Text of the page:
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Domoic Acid Toxicity on the California Coast

     

The Marine Mammal Center is seeing an uptick in suspected domoic acid cases in California sea lions in San Luis Obispo county. Since mid-July, the Center’s trained volunteers in San Luis Obispo County have rescued a high number of California sea lions exhibiting symptoms of domoic acid toxicity, which primarily attacks the brain, causing lethargy, disorientation, seizures, and if not treated, will eventually lead to death.


Microscopic view of an algal bloom

Produced by a type of algae called Pseudo-nitzschia australis, this toxin accumulates in small fish, like sardines and anchovies, which are then eaten by sea lions in large quantities.

Unfortunately, it’s a diagnosis we know all too well here at the Center. In fact, researchers here were the first to discover the condition in sea lions back in 1998. And we’ve had plenty of opportunities to learn more since then—in 2014, more than one-third of the California sea lions we rescued were affected by the toxin.

Domoic acid will naturally flush from an animal’s system over time, but sea lions repeatedly exposed to the toxin will suffer longer-lasting and more serious effects. If these animals come into our care before significant damage occurs, we are often able to help flush the toxin from their systems by giving them fluids. We also provide them with a fish source that is free of domoic acid. To control any seizures, our veterinarians give these patients anti-seizure medications that are also used in humans.

Although most of the patients we treat for domoic acid toxicity are California sea lions, other marine mammals are susceptible to its effects as well. Domoic acid has been reported in a number of other seal and sea lion species, as well as cetaceans such as blue and humpback whales. In 2014, researchers at the Center were the first to detect domoic acid in Guadalupe fur seals, a threatened species.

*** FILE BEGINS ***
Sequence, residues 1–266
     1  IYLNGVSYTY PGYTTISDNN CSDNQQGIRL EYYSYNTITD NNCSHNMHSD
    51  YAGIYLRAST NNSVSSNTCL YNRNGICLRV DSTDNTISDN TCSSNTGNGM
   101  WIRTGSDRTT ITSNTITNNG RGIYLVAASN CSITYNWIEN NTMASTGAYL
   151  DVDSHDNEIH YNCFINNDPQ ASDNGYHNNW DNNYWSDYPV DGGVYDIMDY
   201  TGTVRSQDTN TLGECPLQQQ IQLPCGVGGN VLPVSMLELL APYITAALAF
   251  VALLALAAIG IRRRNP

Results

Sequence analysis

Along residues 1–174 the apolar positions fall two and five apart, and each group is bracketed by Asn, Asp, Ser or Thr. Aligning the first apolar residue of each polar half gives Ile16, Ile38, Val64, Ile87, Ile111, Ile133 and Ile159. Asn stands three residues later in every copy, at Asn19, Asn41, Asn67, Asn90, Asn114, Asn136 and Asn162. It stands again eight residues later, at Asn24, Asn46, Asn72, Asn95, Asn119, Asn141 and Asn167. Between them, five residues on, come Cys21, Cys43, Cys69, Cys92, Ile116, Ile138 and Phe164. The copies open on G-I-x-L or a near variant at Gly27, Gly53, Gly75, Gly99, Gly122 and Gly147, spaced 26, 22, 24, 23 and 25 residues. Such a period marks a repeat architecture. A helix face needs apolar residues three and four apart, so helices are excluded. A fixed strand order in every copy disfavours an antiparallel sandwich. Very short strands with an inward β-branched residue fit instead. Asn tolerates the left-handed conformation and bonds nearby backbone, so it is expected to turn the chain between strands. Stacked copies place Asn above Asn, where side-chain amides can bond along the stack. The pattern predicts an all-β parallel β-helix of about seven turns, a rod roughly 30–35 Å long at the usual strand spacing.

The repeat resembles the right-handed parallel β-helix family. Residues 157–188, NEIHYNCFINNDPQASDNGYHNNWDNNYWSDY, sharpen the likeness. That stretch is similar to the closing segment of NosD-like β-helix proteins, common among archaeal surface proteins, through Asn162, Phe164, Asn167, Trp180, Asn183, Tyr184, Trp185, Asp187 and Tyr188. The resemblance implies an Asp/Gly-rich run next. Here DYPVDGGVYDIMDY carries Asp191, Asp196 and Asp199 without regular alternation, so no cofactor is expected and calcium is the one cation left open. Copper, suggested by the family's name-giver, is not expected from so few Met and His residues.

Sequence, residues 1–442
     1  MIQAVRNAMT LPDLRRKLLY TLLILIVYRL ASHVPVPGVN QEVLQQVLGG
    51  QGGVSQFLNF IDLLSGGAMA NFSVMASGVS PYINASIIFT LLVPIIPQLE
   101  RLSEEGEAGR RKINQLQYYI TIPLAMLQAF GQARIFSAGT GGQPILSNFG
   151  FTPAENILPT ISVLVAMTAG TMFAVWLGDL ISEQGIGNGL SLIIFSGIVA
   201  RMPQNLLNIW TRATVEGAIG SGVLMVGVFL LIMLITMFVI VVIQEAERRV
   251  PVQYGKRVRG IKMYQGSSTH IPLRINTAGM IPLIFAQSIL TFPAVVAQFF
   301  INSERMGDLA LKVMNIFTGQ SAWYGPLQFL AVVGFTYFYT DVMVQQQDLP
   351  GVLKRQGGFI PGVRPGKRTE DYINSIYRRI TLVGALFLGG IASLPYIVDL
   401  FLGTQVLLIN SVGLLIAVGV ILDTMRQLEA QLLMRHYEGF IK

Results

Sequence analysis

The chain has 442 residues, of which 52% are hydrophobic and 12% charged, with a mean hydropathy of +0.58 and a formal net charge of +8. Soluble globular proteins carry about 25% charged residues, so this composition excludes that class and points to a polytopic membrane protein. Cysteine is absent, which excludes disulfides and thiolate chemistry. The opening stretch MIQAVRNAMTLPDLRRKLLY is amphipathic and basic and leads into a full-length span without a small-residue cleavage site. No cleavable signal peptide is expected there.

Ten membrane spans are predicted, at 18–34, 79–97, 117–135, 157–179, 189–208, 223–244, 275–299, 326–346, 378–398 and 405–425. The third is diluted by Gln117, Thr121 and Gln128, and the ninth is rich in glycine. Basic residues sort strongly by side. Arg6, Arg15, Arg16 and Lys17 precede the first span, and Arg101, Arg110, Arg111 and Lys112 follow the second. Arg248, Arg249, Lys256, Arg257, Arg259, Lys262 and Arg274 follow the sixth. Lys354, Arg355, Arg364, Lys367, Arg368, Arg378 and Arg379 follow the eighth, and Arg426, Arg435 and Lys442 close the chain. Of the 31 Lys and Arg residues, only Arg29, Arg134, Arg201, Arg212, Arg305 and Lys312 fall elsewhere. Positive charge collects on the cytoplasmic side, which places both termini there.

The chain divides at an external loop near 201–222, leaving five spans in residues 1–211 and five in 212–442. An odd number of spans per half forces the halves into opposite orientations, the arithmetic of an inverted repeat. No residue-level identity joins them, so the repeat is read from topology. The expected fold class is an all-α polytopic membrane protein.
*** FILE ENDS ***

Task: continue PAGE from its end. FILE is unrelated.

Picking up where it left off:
Domoic acid can also affect humans who eat contaminated shellfish, causing a life-threatening condition known as amnesiac shellfish poisoning. Because sea lions are often the first to be affected by a toxic algal bloom, we alert the public health department when we see an outbreak, which helps them to better target their surveillance to protect human health.

The Center’s veterinary team is also investigating new therapies to try to reduce the amount of inflammation and damage the brain experiences while the animal is recovering, to hopefully minimize permanent brain damage. This year, our researchers are testing the effectiveness of adding alpha lipoic acid to our domoic acid toxicity treatment regimen. This powerful antioxidant may help protect against damage to the brain by preventing the toxin from binding to certain receptors in the tissue. And because it is both water- and fat-soluble, alpha lipoic acid is absorbed into a greater variety of tissue types, which means it can pass easily into the brain tissue as well as help prevent cell damage throughout the whole body.

Read more about the recent outbreak:

San Francisco Chronicle, “Sea lions wash ashore in California amid return of toxic blooms”

CBS News, “Dozens of sea lions sickened with domoic acid poisoning”

KQED Science, “Algae-Poisoned Sea Lions Inundate Marine Mammal Center”

San Luis Obispo Tribune, “This is what’s making sea lions sick — and causing quite a stench in Pismo Beach”


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suffering from domoic acid toxicity and other diseases

 

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